First Nations court ready for launch in Prince George

Prince George will soon be home to a First Nations court.

An opening ceremony will be held on March 23, the B.C. Provincial Court confirmed this week, while the court is to start hearing cases in the first week of April.

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It marks the culmination of three years of effort by a working group in answer to the number of indigenous people caught up in the criminal justice system.

The announcement put Christina Draegen, northern regional manager of the Native Courtworker and Counselling Association of B.C., in an upbeat mood.

"We're so excited," she said Tuesday. "This is history we're making in the north with respect to this approach to justice."

It will be based out of the Prince George courthouse and to have a case heard in the venue, the offender must be aboriginal and have pleaded guilty to a minor crime.

From there, a provincial court judge would oversee a process similar to a restorative justice sentencing circle with the stakeholders gathering around a circular table to discuss the case.

With the help of friends, family and other advocates, a picture would be painted for the judge of who the offender is and the underlying reasons that brought him or her into conflict with the law.

With the help of an elder, a "healing plan" is drafted, focussed primarily on dealing with the issues that got the offender in trouble in the first place, but could also include doing community work and repaying the victim for the damage done.

The terms would then be issued in the form of probation and, depending on the case, if the offender meets the goals and objectives, the offense could be waived from the criminal record.

Conversely, jail time could also be issued. And if the healing plan isn't followed, there could be a greater consequence.

Prince George-Mackenzie MLA Mike Morris, who was the B.C. public safety minister and solicitor general when the Liberals formed the government, has long been a supporter of the concept.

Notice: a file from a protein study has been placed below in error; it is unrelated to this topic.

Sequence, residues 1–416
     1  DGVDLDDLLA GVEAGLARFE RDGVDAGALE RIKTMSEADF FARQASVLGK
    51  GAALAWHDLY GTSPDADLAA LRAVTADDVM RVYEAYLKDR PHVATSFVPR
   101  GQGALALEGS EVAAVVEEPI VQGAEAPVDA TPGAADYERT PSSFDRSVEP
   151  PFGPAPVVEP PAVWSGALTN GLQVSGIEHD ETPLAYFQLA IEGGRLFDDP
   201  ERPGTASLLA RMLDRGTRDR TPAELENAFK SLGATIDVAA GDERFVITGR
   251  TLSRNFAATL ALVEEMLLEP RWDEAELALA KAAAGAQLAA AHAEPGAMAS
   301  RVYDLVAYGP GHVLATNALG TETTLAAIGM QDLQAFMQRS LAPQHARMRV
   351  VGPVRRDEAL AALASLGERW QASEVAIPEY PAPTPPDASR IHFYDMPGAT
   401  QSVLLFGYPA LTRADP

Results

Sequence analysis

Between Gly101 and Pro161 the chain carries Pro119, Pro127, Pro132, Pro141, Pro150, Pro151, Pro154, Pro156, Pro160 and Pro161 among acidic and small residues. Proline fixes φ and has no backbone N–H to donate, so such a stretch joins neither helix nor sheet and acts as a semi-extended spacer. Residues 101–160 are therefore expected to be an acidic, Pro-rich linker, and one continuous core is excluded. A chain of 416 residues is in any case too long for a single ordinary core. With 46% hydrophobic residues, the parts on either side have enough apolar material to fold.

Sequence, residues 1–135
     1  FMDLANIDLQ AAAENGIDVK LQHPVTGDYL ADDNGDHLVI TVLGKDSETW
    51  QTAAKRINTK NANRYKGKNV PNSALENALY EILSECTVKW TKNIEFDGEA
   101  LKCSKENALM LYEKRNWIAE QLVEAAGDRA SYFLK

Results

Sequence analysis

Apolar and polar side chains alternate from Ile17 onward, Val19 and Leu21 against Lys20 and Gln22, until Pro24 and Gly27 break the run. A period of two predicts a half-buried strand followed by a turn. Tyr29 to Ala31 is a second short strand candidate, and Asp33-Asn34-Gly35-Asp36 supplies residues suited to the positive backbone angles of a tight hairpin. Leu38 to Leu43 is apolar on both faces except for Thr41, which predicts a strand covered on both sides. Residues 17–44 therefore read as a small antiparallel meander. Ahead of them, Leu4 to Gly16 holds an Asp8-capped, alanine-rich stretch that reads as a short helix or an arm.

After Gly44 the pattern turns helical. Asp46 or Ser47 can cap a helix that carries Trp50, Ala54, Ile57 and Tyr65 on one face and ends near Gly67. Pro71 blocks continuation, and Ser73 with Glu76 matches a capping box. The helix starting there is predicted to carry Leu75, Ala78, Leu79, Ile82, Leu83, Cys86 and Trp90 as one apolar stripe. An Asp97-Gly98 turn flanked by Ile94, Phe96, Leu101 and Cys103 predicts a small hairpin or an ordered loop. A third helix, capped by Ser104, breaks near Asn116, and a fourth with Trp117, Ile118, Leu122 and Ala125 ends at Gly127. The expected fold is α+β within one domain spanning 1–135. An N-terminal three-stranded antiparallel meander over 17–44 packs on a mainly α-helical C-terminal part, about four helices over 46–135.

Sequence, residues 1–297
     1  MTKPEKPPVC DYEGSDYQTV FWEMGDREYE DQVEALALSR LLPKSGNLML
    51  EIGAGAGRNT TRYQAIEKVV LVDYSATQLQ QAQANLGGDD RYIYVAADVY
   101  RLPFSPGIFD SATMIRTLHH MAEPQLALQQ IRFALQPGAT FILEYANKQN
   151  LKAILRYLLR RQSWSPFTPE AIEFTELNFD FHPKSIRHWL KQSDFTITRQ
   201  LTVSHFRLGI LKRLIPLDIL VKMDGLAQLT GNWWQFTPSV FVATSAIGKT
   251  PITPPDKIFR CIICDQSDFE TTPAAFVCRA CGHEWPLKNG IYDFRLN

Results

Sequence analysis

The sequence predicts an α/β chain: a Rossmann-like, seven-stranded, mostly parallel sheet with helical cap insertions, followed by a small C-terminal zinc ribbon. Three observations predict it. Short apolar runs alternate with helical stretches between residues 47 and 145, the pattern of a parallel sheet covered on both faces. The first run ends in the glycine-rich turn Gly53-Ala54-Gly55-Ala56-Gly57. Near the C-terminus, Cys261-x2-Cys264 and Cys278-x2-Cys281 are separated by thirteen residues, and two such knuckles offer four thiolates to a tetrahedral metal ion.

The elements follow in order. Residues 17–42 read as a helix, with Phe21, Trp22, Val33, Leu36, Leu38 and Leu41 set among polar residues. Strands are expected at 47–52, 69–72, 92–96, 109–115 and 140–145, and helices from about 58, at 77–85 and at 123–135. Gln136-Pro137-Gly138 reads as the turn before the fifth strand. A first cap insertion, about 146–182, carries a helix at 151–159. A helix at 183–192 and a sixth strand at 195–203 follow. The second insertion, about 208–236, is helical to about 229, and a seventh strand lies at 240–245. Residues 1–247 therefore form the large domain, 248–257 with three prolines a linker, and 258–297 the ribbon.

"Anything we can do to address the uniqueness of First Nations issues in policing, in criminal law, in social aspects, we need to do," he said Tuesday.

He disagrees with the assertion from some that the court amounts to special treatment for indigenous people.

"First Nations occupy a significant part of our corrections system and for no good reason other than the fact that they're involved in drugs and alcohol addiction issues, mental health issues and those are the kinds of things that we need to filter out," Morris said.

Indeed, Morris said he would like to see the approach made an option for everybody facing sentencing for a petty crime committed because of an addiction issue or due to poverty.

"We need to divert them and we need to focus on a community restorative justice system that includes things like the native courts that we see coming up here," he said.

Aboriginal people make up five per cent of B.C.'s population but account for about one-quarter of all provincial inmates.

Prince George RCMP Supt. Warren Brown said welcomed the news but warned a First Nations court is "not a silver bullet that fixes all that ails us in our community."

"But looking at the history of indigenous people in Canada, there are a lot of high-risk factors that really isolate them from what others traditionally and presently enjoy," Brown added. "And that includes residential school impact, poverty impact, colonization and what I hear from aboriginal leadership, not only in our community but at large, is that there has to be better ways of doing business."

It will be the sixth such court to be opened in B.C. The others are located in New Westminster, Duncan, Kamloops, North Vancouver and Merritt.

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